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The Modified Mattress Stitch

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Posted: Thursday, January 22, 2009

Whew! I didn't think i'd ever get done with these scarves. Oh. Actually, I'm not done. And I have soooo little left to do! But, alas, I keep getting sucked in by new yarns, new patterns, new things to spend time on (like the baby cardigan for Allison). Oh well. I'm so close to being done, it's silly. Actually, the silly part is that I really like sewing them together. I mean, it only takes me about an hour (and one large coffee) to sew 2 of them together - and I'm always just so tickled with the result. That said, I have 3 hours of work remaining. I think i can do it before February! You can take a look at the beginning of the scarves to throws project, if you need to get caught up!

Scarves to Throws

Anyway, we promised you an instructional article on sewing these together... and that's what i'm going to write about here. To tell the truth, we filmed a video a few days ago, but just realized that the sound wasn't working. So we're giving you the next best thing! I'm calling this a "modified mattress stitch" because each of the scarves that we're sewing together is different and has a different kind of edge. It's a little more flexible that the traditional mattress stitch - and the variation in edges and yarn colors do a great job of hiding the imperfections in your technique. So... here's how i've been sewing mine together. Shown below are Harvest on the left and Motherlode on the right.

The first step (not pictured) is to pin your scarves together at various points. This ensures that the seams are sewn together evenly. Secondly, you need to get the sewing process started (i.e., when you get to the end of the Harvest scarf, you're also at the end of the Motherlode scarf). Grab a darning needle and thread it with a piece of yarn (referred to here as "working yarn") approximately 1.5-2 times the length of the scarves. Though it's nice to use matching yarn, it's not necessary - if we do this right, you won't be able to see the stitches. Insert the darning needle into the bottom left hand corner of the Motherlode scarf, from the bottom up. Pull the needle and yarn through, but leave a 6" tail (to sew in later). Now, in the same manner, insert your needle and yarn into the bottom right hand corner of the Harvest scarf. Pull the yarn through. You're ready to get started on the fun part!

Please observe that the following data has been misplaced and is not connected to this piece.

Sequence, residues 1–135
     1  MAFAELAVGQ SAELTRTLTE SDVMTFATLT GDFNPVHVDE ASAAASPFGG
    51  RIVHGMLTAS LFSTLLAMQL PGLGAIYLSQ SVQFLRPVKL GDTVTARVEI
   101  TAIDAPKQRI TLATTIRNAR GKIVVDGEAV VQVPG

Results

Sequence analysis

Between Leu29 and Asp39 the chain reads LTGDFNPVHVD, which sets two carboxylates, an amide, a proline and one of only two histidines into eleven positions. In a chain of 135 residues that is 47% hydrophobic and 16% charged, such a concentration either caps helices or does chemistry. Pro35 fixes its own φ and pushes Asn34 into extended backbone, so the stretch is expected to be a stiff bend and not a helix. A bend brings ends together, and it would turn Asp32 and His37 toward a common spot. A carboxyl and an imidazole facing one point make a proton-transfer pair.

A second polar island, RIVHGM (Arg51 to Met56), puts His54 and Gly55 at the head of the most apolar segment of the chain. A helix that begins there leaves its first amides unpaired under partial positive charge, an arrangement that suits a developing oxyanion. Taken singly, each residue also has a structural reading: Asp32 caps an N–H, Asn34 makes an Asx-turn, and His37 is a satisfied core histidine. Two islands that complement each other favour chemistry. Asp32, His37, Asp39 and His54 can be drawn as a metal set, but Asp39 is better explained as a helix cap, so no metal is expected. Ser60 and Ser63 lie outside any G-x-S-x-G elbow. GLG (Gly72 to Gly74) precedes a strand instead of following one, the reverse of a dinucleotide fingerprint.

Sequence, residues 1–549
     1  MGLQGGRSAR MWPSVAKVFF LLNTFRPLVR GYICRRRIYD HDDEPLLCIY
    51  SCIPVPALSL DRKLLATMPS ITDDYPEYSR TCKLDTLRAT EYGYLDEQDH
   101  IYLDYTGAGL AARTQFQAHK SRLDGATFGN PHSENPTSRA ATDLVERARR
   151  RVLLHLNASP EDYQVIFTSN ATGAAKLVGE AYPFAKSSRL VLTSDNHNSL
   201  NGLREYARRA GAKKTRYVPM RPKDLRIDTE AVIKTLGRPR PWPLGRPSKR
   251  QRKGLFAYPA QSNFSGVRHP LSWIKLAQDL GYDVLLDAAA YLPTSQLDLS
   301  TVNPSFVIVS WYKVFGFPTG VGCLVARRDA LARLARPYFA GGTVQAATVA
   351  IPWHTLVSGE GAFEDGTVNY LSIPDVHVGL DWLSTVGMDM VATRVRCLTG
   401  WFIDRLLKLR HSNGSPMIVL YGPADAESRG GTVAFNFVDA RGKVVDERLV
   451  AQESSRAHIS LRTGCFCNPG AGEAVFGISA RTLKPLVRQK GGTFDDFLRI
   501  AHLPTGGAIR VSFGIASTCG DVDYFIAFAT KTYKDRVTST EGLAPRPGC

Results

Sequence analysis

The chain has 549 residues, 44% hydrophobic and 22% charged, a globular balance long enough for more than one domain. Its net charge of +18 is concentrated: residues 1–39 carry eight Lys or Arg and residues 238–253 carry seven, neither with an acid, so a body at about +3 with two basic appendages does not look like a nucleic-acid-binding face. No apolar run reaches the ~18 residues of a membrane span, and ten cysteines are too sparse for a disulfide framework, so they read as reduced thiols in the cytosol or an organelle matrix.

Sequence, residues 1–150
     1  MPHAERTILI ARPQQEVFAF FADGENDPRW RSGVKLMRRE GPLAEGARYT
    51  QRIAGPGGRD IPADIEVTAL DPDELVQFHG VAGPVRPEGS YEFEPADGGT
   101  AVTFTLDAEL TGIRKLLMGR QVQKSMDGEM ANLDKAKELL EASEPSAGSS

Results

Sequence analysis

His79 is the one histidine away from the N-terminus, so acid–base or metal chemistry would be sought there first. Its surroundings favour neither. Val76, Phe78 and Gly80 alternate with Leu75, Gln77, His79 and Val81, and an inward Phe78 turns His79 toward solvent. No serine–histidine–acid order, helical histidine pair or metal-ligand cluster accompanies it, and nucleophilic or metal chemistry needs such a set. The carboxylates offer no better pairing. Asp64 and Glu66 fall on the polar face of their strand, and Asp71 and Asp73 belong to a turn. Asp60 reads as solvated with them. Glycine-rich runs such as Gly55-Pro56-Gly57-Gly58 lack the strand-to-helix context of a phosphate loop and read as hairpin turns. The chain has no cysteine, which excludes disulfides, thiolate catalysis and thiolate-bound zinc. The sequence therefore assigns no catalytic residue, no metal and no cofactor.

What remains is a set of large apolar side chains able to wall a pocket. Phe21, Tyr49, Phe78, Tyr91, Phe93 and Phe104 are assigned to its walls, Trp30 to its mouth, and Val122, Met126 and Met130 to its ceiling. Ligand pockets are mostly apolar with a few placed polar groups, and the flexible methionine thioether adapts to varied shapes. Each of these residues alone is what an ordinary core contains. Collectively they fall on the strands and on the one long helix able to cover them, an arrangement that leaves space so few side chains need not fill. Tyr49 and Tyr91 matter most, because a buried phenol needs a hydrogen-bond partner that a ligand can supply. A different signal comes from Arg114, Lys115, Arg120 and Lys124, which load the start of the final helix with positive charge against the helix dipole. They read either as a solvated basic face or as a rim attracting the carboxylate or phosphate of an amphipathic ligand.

Mattress Stitch - 1

Working now on the Motherlode scarf, take your darning needle and insert it into the hole that your working yarn is coming out of... from the front of the scarf to the back. Don't bother pulling the entire length of working yarn through the hole at this point - you'll do that in a second. (Please note that this this photo was taken after i had already sewn a few inches ... the instructions are the same as if i had just started, but i didn't want you to get confused).

Mattress Stitch - 2

In this step, you'll want to bring the darning needle back to the front of the Motherlode scarf, about 1/4-1/2" up from where you inserted it. You can see that I shortcutted the process just a bit by entering and exiting the scarf all in one step.

Mattress Stitch - 3

Pull the darning needle and working yarn all of the way through (not too tightly).

Mattress Stitch - 4

Repeat the process on the Harvest scarf... insert your needle into the spot on the Harvest scarf that your working yarn is coming out of.

Mattress Stitch - 5

Bring the darning needle back to the front of the Harvest scarf, about 1/4-1/2" up from where you inserted it.

Mattress Stitch - 6

Pull the darning needle and working yarn all of the way through (not too tightly).

Mattress Stitch - 7

Repeat the above process a few more times (in and out of the Motherlode, then in and out of the Harvest). Pull the working yarn relatively tightly. You'll notice that the scarves start to "close" together... the working yarn that you could see between the scarves will disappear - it's magic! After tightening everything a bit, you can go back to the steps above... and repeat until you've reached the end.

Posted by Laura of Jimmy Beans Wool

 
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